Sabrina Yum, Ph.D.
Children’s Hospital of Philadelphia and The University of Pennsylvania
Project:  Defining the role of ER stress associated with deafness GJB2/Cx26 mutations”

Valeriy Shafiro, Ph.D.
Rush University Medical Center
Project:  Environmental sound and speech perception in relation to language development in children with cochlear implants”

Andrew Sabin, PhD
Ear Machine
Project:  Hearing Aid Genome Project”

Article: Deaf Officers Step in Where Police Work Counts on Eyes More Than Ears

By Randal C. Archibold
Published in the New York Times on December 18, 2012

Deaf officers keep watch of crime in Oaxaca.
OAXACA, Mexico — When the police officer spotted the man acting suspiciously, pacing erratically with an odd look on his face, he immediately called for backup. That is, he spun around in his chair at the police command center here and rapidly motioned to a colleague in sign language.

The officer, Gerardo, 32, is part of a cadre of 20 deaf officers formed several months ago to help keep an eye on this tourist hub. The suspicious man that he spotted on a security camera turned out to be a prime suspect in a murder. Officials here concede that getting units quickly to the scene is only part of the struggle. Crime victims often decide not to file complaints, lacking faith in the justice system.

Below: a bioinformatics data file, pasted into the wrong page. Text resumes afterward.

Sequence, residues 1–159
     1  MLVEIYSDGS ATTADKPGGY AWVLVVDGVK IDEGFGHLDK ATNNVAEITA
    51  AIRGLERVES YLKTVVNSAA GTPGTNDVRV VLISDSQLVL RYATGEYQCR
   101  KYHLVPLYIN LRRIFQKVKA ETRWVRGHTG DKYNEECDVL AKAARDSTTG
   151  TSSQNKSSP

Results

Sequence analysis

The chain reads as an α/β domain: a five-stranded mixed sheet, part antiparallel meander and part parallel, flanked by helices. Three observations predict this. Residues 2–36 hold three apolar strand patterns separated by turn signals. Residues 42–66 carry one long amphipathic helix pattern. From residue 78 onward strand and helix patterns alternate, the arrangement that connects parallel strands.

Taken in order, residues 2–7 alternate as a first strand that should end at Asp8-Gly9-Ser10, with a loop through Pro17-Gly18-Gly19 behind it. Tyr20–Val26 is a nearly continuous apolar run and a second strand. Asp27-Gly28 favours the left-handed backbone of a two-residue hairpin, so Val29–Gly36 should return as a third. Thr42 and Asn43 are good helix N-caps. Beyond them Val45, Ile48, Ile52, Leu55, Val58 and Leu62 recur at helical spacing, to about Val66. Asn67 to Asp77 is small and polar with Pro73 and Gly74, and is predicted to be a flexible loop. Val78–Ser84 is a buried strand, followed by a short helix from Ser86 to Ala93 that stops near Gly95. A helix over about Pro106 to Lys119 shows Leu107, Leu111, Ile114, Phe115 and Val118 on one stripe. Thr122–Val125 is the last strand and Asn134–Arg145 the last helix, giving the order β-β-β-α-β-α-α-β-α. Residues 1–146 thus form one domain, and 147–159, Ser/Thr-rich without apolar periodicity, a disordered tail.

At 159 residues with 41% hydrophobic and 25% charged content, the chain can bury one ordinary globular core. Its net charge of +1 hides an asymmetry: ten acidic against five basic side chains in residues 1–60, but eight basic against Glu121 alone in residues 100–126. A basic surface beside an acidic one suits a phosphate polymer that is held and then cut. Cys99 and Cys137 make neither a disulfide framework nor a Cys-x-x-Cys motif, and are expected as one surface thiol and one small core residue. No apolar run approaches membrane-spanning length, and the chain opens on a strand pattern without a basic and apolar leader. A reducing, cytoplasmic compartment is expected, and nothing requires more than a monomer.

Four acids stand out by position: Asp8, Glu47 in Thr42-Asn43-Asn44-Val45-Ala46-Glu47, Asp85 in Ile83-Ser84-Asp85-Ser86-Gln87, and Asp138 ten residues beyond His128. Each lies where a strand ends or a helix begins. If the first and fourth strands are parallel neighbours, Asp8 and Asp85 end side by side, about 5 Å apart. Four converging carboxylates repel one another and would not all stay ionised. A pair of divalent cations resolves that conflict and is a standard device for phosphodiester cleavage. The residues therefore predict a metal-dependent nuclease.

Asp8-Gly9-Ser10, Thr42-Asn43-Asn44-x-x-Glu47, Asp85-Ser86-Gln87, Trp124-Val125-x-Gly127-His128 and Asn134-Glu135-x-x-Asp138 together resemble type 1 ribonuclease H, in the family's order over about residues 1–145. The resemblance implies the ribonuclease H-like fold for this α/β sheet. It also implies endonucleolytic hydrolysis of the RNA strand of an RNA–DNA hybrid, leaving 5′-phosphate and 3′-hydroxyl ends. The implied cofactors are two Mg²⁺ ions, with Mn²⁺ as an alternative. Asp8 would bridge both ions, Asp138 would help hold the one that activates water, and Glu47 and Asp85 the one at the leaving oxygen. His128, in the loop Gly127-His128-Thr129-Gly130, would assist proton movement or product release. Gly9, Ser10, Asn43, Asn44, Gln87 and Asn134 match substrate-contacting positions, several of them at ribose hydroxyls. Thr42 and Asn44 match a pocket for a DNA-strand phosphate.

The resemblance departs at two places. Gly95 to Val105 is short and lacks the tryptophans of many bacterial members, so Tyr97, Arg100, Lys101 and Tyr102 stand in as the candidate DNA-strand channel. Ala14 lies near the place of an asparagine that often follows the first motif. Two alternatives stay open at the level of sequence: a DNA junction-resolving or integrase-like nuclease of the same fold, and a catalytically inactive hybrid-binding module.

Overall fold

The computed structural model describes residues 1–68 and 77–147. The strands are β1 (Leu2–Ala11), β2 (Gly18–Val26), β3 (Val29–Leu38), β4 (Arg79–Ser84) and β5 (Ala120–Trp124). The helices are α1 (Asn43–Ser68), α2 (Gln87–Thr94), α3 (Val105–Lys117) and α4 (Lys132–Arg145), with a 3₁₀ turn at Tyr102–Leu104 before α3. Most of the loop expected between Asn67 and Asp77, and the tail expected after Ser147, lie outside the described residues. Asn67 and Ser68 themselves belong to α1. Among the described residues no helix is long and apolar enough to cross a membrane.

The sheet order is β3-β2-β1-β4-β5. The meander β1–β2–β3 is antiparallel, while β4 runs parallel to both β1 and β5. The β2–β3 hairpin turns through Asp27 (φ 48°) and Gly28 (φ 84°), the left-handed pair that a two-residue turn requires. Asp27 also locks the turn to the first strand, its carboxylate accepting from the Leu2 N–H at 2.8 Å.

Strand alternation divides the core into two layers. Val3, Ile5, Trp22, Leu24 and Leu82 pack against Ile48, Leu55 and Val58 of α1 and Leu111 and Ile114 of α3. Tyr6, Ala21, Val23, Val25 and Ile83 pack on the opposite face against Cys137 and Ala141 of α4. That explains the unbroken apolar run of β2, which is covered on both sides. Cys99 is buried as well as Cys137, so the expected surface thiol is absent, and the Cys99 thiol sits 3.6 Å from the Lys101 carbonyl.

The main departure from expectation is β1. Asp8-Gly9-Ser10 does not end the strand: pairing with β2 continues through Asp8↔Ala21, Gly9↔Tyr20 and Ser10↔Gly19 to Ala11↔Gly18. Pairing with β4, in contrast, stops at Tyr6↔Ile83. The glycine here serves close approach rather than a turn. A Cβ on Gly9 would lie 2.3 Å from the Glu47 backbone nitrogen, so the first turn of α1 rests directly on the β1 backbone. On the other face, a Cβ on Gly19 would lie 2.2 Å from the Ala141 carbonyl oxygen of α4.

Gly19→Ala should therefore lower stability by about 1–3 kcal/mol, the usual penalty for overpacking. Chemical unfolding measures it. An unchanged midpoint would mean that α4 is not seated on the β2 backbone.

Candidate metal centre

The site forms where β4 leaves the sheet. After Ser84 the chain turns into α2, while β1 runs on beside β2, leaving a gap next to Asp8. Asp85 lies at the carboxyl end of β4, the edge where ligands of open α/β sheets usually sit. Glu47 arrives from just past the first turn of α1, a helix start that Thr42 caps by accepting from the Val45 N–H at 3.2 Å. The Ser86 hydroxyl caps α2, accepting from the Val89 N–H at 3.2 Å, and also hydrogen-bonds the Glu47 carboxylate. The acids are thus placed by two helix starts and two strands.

Though Oaxaca is not known for high crime, tourists can be targets for purse-snatchers and pickpockets, and the more working-class neighborhoods have their share of drug dealing, auto thefts, fights and violent crime.

The state refurbished its police command center this year, but found it needed extra help monitoring the 230 cameras, a time-consuming, monotonous task. There was another problem: because the images lack sound, officers had trouble determining what people were saying.

He said their heightened visual attention had enabled the deaf officers to see trouble developing on the screens faster than other officers who can hear and speak but are frequently distracted by the buzzing of phones, police scanners and chatter in the command center.

Mr. Villalobos said the deaf officers — “our silent angels,” he called them — had helped solve or assisted in several cases, though he declined to provide specific data, pending a future evaluation of the program. He called the murder case, from last summer, the biggest success. Read full article here.